Conquering the Mountain

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Today, I achieved a milestone. I refer to it as Everest but it is in fact a very small hill. Let me explain.

My running route looks like a rectangle, with steep inclines on the shorter sides and a more gentle gradient along the long sides. This makes the initial jog easy (downhill), turn the corner, carry the momentum then… Everest. what starts as a gentle gradient becomes a small hill, and for weeks I’ve made it only halfway up before feeling like my lungs were going to collapse. But today – FANFARE – I DID IT!

I not only got over the hill, I plodded on and got all the way to the end of the long-bit-of-the-rectangle! Then I had to walk up the short rectangle bit (massive hill) but I kept up a good pace and did some lunges while I got my breath back. Then i jogged-ran-jogged across the home straight and repeated. Didn’t manage to get up the hill without stopping for a second time but once was enough. Yay me!

Interestingly, this took me a minute longer than usual. This could be because today is ridiculously hot, or because my ankle hurts from wearing supid sandals at the weekend, or (more likely) because I’m slower plodding round at a slow jog than I am jog-walk-jogging. I assume it’s better for me to keep jogging for as long as I can?

Anyway, I’m off to enjoy the sunshine 🙂

Keep on running!

Running Scared

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As you may know, I’ve started jogging round my local park a few times a week. As it’s nice weather, that tends to mean a fair bit of people and dog dodging as the path is quite narrow. Today, I was grabbed by a child and befrended by a German Shepherd (I literally looked down to see him padding along next to me like some kind of spirit animal). Whilst I don’t mind a minimal amount of interruption I’ve found that it does distract me and slows me down. It also makes me very aware that I’m a young woman on my own running through some secluded areas where anything could happen. I know that this sounds paranoid but I have become suspicious of anyone without an obvious ‘purpose’ to be there (running, dog walking, with children etc.) I’m not sure what I can do to protect myself or make myself less vunerable? I do go to boxing classes so could probably defend myself to a certain extent but I don’t know what I can do to prevent anything happening in the first place. Perhaps I need to borrow someone’s dog.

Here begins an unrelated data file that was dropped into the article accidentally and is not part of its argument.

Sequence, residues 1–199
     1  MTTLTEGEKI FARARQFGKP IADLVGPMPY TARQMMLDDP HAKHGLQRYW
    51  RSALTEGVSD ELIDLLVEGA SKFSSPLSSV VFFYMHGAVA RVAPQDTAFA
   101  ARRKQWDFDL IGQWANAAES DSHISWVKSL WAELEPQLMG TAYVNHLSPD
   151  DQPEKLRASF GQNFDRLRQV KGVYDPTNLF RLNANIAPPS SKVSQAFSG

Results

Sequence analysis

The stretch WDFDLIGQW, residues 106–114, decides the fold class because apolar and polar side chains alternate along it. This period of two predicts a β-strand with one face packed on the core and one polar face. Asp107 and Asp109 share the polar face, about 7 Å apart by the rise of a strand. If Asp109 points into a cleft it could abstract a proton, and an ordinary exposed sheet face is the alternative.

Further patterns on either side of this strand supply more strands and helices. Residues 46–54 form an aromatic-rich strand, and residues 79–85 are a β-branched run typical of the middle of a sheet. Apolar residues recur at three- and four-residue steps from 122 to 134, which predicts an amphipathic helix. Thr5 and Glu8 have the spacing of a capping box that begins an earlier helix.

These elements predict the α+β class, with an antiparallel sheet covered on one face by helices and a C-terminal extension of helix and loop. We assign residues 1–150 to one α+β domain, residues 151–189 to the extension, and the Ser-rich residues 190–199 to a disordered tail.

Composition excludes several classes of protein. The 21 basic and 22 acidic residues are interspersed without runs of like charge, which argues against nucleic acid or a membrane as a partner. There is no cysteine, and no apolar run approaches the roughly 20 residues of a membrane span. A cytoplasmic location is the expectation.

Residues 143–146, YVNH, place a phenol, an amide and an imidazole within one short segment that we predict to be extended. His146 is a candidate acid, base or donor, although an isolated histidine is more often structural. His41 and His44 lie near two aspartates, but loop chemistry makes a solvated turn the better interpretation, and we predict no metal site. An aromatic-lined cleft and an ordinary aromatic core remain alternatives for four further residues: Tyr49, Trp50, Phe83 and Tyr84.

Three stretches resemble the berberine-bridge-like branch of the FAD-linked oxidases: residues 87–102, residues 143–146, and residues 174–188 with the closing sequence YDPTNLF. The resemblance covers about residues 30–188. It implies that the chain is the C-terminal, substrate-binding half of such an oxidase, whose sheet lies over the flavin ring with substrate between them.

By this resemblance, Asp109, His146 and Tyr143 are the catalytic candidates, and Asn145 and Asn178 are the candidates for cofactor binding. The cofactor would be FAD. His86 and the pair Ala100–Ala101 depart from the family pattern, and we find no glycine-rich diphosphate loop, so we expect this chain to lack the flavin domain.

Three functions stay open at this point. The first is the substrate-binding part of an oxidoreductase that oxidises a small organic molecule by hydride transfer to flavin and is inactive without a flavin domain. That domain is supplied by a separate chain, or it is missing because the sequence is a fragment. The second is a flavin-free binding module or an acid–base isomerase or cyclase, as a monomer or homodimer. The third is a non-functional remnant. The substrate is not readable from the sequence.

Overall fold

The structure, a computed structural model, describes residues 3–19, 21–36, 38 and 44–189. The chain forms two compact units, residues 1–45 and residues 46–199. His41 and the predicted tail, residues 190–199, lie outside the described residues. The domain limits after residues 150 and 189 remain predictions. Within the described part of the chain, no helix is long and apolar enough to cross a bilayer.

The other problem that I’ve encountered is focusing on pushing myself. I’ve found that if I think ‘I’ll run to that tree’ I can get there but no further – it’s like my brain holds back the exhaution until I reach my goal then heaps it on so I can’t go on. I’ve been trying to look at the concrete in front of my feet to stop this but it’s a difficult habit to break. I’m still not entirely sure what I should be doing wth my breathing either which doesn’t help. I’m just trying to keep it steady but the path I run on is quite hilly so that often doesn’t work.

In other news, I’ve started properly timing my runs and I knocked a whole two minutes off my PB so I’m pleased that I’m improving. Yay me!

Career Worries

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I don’t currently have a career. I used to, but I hated it and now I have no idea what I want to do. I’ve got so far down a career path (masters degree) to be able to swap to another profession at the same level but too old to seriously think about retraining.

The main problem is  that I don’t feel that I’ve been very good at any of my previous jobs. I’ve never really felt like I’ve made a difference or helped anyone. I’ve mostly been shouted at or complained to. I have been frequently patronized (I’m sure you can work the photocopier better than me, can you just run me off 10 copies? Will you be serving the refreshments? Are you here as a placement student?) and have often made people cry. I have had jobs that have made me so stressed I couldn’t sleep. I have sat in my office at 10pm on a Friday night and asked myself what I’m doing with my life.